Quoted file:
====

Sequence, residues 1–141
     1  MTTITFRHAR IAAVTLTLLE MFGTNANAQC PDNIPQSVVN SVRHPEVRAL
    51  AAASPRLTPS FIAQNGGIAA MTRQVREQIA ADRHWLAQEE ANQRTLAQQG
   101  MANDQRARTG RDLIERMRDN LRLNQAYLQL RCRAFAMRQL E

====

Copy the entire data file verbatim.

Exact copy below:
Sequence, residues 1–141
     1  MTTITFRHAR IAAVTLTLLE MFGTNANAQC PDNIPQSVVN SVRHPEVRAL
    51  AAASPRLTPS FIAQNGGIAA MTRQVREQIA ADRHWLAQEE ANQRTLAQQG
   101  MANDQRARTG RDLIERMRDN LRLNQAYLQL RCRAFAMRQL E